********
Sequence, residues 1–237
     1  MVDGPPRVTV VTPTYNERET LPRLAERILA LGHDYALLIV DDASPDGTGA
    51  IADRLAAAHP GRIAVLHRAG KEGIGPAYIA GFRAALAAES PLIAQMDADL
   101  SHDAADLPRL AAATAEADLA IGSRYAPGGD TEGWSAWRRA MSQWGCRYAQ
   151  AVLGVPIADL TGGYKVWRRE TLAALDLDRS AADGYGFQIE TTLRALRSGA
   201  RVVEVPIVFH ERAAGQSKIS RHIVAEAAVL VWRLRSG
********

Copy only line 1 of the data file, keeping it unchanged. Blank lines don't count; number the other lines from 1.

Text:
Sequence, residues 1–237